A BMI of 18.5 corresponded to WC of 72 cm in both male and female subjects. The WC cutoff values for overweight and obesity were lower in the study as compared to those proposed by the WHO for Asian population. These values are similar to those observed by Lee et al in Korean adults.12
The results show a strong positive correlation of NC with BMI and WC in both male and female subjects. Several studies have examined the association of conventional anthropometric measures of obesity with NC.13-16 Onat et al reported that NC correlated strongly with BMI, WC (r > 0.6), homeostatic model-assessed insulin resistance and blood pressure. The association between obstructive sleep apnoea and NC was even greater than WC in case of males.13 In another study by Yang et al, NC was found to be positively related with BMI, WC, and metabolic syndrome in Chinese subjects having type 2 diabetes mellitus.14
The cutoff points of NC for overweight and obesity in the study were respectively, 35.5 cm and 37.5 cm for men and 32 cm and 33.5 cm for women, suggesting an action level lower than most other studies (Table-3).

This may be due to the fact that the study used Asian cutoff values of BMI for comparison with NC, as opposed to the higher Caucasian cutoff points. Yang et al have also reported an NC of > 39 cm for men and > 35 cm for women as the cutoff point that best correlates with subjects having metabolic syndrome.14 Ben-Noun et al, while comparing NC with BMI, found accuracy of NC measurement to determine overweight and obesity to be 91-95 % for men and 97-98% for women.7 Hatipoglu et al determined NC measurements in children 6-18 years and have found a positive correlation between BMI-WC, BMI-NC, and WC-NC (p < 0.001).15 Mazicioglu et al determined the percentiles and mean values for NC in Turkish children aged 6-18 years and found a greater NC of boys as compared to girls, both before and after puberty, that fared well with other obesity parameters.17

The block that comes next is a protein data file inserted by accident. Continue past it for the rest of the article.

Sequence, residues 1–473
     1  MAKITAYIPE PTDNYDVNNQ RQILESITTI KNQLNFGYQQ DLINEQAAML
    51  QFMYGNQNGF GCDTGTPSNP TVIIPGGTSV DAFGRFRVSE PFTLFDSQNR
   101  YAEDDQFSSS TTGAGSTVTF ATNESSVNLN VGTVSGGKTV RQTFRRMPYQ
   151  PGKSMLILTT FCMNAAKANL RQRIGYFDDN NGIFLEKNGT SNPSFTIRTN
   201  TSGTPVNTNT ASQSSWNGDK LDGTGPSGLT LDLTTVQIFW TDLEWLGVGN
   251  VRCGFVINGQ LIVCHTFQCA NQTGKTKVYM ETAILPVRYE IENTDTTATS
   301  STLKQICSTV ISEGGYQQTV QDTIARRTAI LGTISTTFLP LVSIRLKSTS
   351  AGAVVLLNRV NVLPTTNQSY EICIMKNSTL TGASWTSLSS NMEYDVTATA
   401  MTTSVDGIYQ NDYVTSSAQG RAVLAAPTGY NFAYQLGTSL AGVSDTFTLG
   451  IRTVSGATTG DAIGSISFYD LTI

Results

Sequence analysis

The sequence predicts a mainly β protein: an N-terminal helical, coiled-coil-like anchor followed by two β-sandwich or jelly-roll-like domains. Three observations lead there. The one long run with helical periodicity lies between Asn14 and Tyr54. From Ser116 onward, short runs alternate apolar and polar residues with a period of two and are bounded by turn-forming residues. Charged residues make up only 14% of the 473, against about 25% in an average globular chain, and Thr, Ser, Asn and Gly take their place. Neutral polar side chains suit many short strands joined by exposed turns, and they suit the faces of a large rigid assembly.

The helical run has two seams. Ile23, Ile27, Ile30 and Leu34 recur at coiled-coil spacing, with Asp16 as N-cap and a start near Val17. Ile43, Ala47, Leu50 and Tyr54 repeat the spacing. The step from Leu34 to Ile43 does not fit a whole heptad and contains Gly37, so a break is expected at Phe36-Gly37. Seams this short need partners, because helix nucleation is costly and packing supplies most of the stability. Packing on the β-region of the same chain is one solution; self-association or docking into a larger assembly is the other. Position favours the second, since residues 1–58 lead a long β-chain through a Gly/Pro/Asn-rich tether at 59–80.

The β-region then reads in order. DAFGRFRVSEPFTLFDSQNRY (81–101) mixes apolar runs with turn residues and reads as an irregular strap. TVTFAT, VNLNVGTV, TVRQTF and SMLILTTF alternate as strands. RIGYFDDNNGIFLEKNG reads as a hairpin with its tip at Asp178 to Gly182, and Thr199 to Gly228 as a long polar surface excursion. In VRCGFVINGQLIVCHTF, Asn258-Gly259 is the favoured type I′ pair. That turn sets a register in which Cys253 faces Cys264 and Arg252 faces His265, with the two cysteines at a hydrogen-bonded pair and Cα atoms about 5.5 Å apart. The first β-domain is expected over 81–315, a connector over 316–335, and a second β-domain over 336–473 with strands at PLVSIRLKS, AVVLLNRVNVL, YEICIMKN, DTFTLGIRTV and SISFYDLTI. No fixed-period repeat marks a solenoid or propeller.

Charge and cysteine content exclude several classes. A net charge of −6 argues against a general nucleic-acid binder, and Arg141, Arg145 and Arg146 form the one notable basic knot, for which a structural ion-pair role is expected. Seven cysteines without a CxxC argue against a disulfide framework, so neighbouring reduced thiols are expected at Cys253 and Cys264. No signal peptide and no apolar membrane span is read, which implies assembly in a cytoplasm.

The study has several limitations that need to be addressed in future research. First, the sample size was small consisting of young healthy adults from a select population and, therefore, the results cannot be generalised over the whole population. Second, the cutoff points identified for NC should more properly be called as corresponding points relative to BMI. Furthermore, the cutoff points of BMI may not correspond with the actual cutoff points of WC or NC as these are indicators of fat accumulation at separate locations.11 To determine the true cutoff points, one needs to expand the study, taking larger number of subjects from a wider age group, while especially including subjects with obesity-induced health problems.
Despite the limitations, the study has important implications for prevention of overweight and obesity in young adults as it points towards the practical usage of an easier alternative for obesity measurement. NC has been shown to independently contribute to the prediction of overweight and obesity and can be used as an initial screening tool for the purpose. It is a straightforward and inexpensive test that can be performed in any office with a tape measure. An NC > 35.5 cm in men and > 32 cm in women should be considered the cutoff point for overweight/obesity.